On the third Monday of January, we celebrate the life and legacy of Dr. Martin Luther King, Jr. As we honor Dr. King’s work in the Civil Rights Movement, we invite you to consider one way to answer his call to combat racism — to examine implicit bias in education.
Behavioral Science & the Civil Rights Movement
In September 1967, Dr. Martin Luther King, Jr., delivered an address entitled The Role of Behavioral Scientists in the Civil Rights Movement. In the last year, behavioral scientists have answered the call(link opens in new tab/window)↗ and begun examining the role they can play in combatting racism. They describe that, while outward expressions of racial discriminatory behavior are widely unacceptable, there is a gap between “expressed behaviors regarding race (explicit) and what is thought: implicit bias.”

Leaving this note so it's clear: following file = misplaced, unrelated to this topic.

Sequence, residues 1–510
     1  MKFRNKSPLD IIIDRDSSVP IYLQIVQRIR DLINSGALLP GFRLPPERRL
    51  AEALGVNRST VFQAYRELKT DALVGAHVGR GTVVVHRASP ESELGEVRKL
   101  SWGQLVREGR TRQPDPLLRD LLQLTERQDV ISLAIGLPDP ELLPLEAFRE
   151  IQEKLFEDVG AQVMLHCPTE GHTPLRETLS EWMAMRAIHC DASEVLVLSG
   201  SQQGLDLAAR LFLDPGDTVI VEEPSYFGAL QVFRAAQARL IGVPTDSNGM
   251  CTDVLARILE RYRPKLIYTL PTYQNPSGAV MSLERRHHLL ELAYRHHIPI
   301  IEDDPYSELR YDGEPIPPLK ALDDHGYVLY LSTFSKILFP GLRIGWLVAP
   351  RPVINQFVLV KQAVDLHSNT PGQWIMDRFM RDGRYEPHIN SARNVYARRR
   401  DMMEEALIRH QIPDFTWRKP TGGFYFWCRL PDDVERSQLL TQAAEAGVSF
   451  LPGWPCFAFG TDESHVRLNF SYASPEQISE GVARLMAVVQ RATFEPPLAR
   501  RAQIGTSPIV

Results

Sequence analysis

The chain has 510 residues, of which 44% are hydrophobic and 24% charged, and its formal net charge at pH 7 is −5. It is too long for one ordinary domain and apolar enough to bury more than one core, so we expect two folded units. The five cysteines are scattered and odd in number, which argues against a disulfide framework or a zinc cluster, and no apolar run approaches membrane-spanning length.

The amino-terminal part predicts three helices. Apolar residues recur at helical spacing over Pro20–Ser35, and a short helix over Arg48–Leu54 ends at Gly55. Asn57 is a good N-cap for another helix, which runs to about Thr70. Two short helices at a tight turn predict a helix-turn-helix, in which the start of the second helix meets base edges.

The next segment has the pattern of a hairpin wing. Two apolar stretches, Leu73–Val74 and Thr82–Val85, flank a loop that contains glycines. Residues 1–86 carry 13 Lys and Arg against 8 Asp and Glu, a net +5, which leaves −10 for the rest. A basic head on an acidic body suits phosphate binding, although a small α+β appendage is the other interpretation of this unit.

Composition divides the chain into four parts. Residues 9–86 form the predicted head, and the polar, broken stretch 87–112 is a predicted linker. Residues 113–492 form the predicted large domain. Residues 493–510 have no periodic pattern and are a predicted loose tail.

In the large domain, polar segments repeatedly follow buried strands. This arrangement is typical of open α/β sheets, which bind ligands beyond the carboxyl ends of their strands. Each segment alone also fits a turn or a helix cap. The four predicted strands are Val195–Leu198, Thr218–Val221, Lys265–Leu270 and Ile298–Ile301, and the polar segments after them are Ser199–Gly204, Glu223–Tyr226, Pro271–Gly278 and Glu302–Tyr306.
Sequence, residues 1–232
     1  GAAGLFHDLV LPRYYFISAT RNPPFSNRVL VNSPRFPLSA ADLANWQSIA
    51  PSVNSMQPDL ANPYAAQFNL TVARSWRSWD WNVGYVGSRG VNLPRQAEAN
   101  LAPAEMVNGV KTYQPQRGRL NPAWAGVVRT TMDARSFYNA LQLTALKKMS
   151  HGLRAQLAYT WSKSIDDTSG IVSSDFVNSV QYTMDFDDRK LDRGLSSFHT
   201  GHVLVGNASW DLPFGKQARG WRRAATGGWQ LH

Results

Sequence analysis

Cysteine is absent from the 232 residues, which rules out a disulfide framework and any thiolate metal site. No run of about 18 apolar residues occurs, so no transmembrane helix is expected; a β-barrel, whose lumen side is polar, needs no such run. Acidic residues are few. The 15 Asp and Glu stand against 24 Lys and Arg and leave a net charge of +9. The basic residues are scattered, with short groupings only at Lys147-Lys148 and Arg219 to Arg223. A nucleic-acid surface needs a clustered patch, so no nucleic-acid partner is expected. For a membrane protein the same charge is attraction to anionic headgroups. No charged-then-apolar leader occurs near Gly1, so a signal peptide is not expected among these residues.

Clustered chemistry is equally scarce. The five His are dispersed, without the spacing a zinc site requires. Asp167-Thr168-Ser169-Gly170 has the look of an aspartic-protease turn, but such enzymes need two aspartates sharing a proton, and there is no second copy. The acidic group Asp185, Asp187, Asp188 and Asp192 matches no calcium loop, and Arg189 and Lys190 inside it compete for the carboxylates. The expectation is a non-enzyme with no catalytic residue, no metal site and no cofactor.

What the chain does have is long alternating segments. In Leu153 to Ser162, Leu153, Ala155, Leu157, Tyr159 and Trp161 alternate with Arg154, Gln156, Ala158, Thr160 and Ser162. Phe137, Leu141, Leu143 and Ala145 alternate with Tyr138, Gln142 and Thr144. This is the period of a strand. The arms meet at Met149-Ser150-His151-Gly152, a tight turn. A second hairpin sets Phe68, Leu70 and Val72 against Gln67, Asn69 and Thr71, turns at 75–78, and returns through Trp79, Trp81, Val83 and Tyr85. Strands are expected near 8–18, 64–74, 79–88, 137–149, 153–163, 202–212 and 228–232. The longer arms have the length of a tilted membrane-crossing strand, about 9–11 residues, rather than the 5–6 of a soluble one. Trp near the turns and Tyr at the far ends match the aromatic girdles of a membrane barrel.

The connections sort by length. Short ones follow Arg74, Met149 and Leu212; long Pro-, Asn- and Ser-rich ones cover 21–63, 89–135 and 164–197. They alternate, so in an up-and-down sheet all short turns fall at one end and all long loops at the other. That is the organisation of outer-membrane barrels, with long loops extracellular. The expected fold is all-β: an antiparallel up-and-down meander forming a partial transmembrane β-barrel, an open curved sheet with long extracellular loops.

Implicit Bias in Education
Implicit bias in education can manifest as unconscious racial or socioeconomic bias towards students, which can affect how teachers help students set goals and understand their learning profiles. Assumptions about a student’s background and aspirations can be harmful as it is important to consider the student as an individual and understand their unique identity and goals. This is a topic ResearchILD staff have explored with our 2022-2023 cohort of Executive Function and Equity Fellows.
How Educators Can Answer the Call
One way that educators can answer the call to combat racism is to examine their own implicit biases(link opens in new tab/window)↗; this is an important part of developing metacognition and self-understanding to become more equity-minded in our approach to EF strategy instruction. To understand your assumptions about students’ learning profiles and their capability for academic success, explore these tools for measuring implicit bias(link opens in new tab/window)↗.
- Caitlin Vanderberg, M.Ed., SMARTS Associate
SMARTS Executive Function Curriculum: smarts-ef.org
Research Institute for Learning and Development: researchild.org